Eucalyptus houseana facts for kids
Quick facts for kidsKimberley white gum
Eucalyptus houseana, commonly known as Kimberley white gum, or is a species of medium-sized tree that is endemic to the Kimberley region of Western Australia. It has smooth bark, lance-shaped adult leaves, flower buds in groups of seven, white flowers and conical to hemispherical fruit.
Eucalyptus houseana is a tree that typically grows to a height of 8–20 m (26–66 ft) and forms a lignotuber. It has smooth bark, pale pink at first, white to grey and powdery later. Young plants and coppice regrowth have stems that are more or less square in cross section and sessile leaves arranged in opposite pairs. The juvenile leaves are egg-shaped, 80–130 mm (3.1–5.1 in) long and 50–90 mm (2.0–3.5 in) wide. Adult leaves are arranged alternately, the same dull green on both sides, lance-shaped, 90–190 mm (3.5–7.5 in) long and 20–36 mm (0.79–1.42 in) wide and have a petiole. The flower buds are arranged in leaf axils in groups of seven on an unbranched peduncle 2–5 mm (0.079–0.197 in) long, the individual buds sessile or on a very short pedicel. Mature buds are oval to more or less spherical, 4–6 mm (0.16–0.24 in) long and 3–5 mm (0.12–0.20 in) wide with a rounded operculum. Flowering occurs between July and November and the flowers are white. The fruit is a woody, conical to hemispherical capsule 2–5 mm (0.079–0.197 in) long and 3–5 mm (0.12–0.20 in) wide with the valves near rim level.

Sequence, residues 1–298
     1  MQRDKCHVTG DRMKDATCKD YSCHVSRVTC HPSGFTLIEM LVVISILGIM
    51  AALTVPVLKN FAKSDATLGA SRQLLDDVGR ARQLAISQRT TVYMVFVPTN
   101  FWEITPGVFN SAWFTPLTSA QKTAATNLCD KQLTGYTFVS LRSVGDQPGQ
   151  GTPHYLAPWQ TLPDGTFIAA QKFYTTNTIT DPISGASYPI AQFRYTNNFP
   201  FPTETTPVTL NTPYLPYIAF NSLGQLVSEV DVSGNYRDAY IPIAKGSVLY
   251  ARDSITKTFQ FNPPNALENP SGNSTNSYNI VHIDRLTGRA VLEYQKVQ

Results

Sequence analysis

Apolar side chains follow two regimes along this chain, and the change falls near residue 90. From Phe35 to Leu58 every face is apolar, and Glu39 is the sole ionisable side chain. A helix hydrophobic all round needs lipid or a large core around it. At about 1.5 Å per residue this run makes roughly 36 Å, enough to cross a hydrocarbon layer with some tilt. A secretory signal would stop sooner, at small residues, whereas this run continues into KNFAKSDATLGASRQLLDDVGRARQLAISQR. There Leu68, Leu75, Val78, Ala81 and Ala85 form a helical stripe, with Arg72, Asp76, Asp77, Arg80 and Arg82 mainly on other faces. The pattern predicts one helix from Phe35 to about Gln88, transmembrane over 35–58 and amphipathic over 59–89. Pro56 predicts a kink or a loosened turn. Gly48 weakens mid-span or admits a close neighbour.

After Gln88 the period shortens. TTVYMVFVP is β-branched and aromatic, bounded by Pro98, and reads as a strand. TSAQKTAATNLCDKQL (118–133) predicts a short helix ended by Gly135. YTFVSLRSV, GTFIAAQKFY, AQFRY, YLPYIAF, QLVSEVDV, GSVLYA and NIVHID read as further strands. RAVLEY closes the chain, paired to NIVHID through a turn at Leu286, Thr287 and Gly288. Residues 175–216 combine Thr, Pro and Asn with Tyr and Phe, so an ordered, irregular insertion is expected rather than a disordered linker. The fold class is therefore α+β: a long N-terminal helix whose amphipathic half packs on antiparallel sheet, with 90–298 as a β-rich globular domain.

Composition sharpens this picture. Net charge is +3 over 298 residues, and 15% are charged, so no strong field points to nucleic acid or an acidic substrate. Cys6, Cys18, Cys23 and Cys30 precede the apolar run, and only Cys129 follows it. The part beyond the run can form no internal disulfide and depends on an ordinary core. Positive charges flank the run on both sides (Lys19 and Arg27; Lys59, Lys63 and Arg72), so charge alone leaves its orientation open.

Taxonomy and naming
The name Eucalyptus houseana first appeared in the Western Mail newspaper on 2 June 1906. The article was written by William Vincent Fitzgerald who noted that it "is among the tallest of the tropical species, it occasionally reaching a height of 80ft", giving a short note on its distribution and mentioning "Dr. F. M. House". The first formal description of the species was published in 1916 by was by Joseph Maiden, giving credit for the name to Fitzgerald. The description was published in Journal and Proceedings of the Royal Society of New South Wales. The specific epithet honours the doctor and explorer Frederick Maurice House.
Distribution and habitat
Kimberley white gum is found along swampy river flats in forest and woodland throughout the western Kimberley region where it grows in sandy alluvium.
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